Different ideological motives create different interpretations of events. And since liberals and pacifists tend to dominate social media more than those who are too busy out in the streets, they have an advantage. And since liberals morally frame all people of color as obedient, victimist heroes, most people have difficulty admitting that people of color are capable of destroying property and participating in violent forms of protest. This also plays into the compulsion to blame ‘white’ people for forms of rebellion considered morally undesirable. Riots/uprisings are not all utopian and pretty. They are the dangerous elements of liberation that occur when all other options have failed. Whether people are afraid of violence or not won’t change the fact that police kill, and will continue to kill as long as the concept of law enforcement exists. In my opinion there is no “bettering” the police, and there is no “justice” when someone is already being buried six feet deep.

And the police are not all ‘white’. ‘Black’ cops kill ‘black’ people too.

The worst part about the online interpretation of events is that the people spreading this misinformation fail to communicate to the online-world the joy, smiles, singing and dancing of racially diverse rebels as they celebrated the destruction of the 3rd Precinct.

I mean shit, imagine being a person of color, harassed by police all your life, and then a day and night comes when you actually get to see a police station burning, and police completely abandoning the area. All this is erased from history when liberals credit it all to a group of people — white supremacists — who didn’t exist in those battles in the first place.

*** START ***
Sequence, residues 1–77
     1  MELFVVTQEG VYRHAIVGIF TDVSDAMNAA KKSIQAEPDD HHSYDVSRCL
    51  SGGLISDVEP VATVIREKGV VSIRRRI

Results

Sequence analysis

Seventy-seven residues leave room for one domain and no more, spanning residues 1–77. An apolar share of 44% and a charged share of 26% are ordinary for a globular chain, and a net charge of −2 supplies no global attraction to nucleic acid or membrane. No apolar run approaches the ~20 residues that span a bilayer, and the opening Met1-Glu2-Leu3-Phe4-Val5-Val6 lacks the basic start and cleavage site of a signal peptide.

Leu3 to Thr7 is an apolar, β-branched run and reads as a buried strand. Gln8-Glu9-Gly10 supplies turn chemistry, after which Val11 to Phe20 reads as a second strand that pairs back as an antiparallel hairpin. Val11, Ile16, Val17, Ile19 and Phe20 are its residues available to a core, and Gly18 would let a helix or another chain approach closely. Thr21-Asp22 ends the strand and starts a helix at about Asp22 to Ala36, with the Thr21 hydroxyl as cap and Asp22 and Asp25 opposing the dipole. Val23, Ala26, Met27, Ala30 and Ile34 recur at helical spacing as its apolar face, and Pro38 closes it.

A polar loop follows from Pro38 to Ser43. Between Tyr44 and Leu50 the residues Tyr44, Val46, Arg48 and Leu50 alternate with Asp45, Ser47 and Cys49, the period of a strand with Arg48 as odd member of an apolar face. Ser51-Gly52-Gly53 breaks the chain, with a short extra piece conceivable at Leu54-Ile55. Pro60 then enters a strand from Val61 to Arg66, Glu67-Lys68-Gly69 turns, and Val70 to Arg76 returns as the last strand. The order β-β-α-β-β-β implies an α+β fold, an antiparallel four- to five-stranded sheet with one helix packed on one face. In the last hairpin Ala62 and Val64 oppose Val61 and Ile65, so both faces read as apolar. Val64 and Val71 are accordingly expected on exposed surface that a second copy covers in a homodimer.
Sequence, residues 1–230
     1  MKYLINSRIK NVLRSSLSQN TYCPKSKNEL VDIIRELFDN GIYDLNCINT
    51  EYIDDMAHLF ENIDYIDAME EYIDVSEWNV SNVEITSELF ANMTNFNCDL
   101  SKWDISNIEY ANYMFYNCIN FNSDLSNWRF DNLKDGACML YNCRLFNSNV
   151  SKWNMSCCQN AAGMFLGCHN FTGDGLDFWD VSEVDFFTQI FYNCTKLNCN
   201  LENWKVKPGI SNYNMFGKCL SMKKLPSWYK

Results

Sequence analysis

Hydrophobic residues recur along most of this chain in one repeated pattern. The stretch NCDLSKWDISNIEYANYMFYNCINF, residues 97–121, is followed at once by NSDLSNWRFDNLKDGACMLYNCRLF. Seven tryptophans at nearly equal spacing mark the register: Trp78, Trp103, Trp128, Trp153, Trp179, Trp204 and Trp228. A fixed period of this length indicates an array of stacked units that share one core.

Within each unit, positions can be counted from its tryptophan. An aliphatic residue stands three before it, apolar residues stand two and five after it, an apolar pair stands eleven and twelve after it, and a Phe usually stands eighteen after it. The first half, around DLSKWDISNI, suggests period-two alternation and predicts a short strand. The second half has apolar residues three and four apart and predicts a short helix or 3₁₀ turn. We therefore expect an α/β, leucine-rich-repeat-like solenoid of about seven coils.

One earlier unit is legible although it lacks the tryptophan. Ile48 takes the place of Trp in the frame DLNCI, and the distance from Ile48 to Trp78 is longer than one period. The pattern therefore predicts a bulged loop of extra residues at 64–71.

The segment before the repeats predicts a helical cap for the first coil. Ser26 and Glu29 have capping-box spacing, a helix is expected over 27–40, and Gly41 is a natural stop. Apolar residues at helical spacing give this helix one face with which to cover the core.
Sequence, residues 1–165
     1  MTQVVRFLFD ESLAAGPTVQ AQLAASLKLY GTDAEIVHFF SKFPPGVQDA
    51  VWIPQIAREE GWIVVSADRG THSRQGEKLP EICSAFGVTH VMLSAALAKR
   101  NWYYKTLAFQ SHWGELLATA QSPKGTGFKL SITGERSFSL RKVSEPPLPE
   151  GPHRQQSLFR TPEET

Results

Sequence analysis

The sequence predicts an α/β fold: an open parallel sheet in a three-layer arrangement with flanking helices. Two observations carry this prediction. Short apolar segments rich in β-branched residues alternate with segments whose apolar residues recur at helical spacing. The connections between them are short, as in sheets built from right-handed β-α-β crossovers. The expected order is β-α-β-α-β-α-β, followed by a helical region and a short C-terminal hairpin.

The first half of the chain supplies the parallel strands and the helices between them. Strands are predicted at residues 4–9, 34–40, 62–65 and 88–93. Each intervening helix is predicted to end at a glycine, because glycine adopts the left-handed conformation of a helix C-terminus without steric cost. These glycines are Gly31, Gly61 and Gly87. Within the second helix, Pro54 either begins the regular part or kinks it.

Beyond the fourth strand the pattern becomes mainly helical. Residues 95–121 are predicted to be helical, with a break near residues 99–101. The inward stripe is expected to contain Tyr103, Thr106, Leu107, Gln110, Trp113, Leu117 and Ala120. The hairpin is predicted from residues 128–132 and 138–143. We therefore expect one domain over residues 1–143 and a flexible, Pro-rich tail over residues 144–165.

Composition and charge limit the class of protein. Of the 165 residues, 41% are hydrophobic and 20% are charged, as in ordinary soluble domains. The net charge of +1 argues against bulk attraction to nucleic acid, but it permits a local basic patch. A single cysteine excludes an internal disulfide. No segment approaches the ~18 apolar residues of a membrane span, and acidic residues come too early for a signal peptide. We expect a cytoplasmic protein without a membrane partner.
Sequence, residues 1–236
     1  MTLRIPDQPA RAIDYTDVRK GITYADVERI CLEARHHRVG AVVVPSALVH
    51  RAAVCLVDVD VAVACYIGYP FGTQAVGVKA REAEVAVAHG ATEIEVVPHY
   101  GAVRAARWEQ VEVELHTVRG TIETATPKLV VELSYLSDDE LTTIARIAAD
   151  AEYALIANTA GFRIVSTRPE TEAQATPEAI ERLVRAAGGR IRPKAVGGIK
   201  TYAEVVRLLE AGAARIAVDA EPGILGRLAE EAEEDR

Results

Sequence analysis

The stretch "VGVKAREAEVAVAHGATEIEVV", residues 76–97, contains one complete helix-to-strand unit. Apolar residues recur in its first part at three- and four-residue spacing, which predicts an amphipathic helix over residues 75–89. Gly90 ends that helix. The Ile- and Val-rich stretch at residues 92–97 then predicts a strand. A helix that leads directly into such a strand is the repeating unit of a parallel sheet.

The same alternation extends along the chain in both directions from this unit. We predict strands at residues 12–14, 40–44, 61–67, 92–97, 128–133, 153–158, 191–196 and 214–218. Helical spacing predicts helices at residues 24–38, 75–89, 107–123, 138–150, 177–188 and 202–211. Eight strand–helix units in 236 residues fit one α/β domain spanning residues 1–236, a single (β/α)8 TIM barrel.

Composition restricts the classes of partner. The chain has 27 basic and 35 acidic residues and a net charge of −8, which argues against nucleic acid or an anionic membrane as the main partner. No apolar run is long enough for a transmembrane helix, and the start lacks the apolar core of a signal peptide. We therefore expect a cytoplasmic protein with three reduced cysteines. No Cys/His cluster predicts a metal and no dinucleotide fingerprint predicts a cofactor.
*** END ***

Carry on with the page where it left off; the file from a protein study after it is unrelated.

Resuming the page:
To this day as I write this, there are still people spreading conspiracy theories on the internet like the famous “brick bait” video of cops unloading bricks (behind their own building – not in an alley as originally propagated). While I can’t say for absolute certainty that there were no white supremacists at the events at all (I mean I saw some driving past in pickup trucks yellin’ white power shit, and the ‘brown’ dude who rolled up in a truck rockin’ pro-police slogans and a confederate flag) I sure as hell didn’t see any in the battles. I have seen pictures of ‘black’ people locking arms to protect riot police, white allies turning other ‘white’ people over to the police in the name of ‘black’ support, and ultimately police regaining control and using these pacifying efforts to brutalize peaceful protesters.

Feral Delinquency

It is my opinion that the last months expose weaknesses of civilization in very obvious ways. Governmental control had increased as a panic response to social tension and spontaneous ruptures of illegal activity. Covid-19 broke the order of daily productivity and civilized slavery, leaving people more time to contemplate their lives and the value of their free time outside of working. The uprisings in response to the murder of George Floyd demonstrated the weaknesses of the police power and control – even at their own home base. At this point I have no earthly idea what will come next.

I admit to finding it fascinating to see non-human animals and the earth flourish in the midst of our industrial despair. To see clearer skies, various animals walking the streets, flooding that loosens the foundation of this concrete jungle. I can’t help but feel both the pandemic and these continued ruptures against authority are better than a return to normality; a normality where death from industrial civilization and the State is as routine as a slaughterhouse in full operation.

I wonder what kinda conversations people are having with each other or with themselves during this blooming destabilization of domesticated order. Will more and more people seize this opportunity to express anger and frustration through random acts of violence and sabotage against one another? Against law enforcement? Against the institutions that have become weaker due to financial loss and now stand more vulnerable than ever? I can only hope the uprisings continue in some capacity – above or below ground which is personally more favorable for me at this point.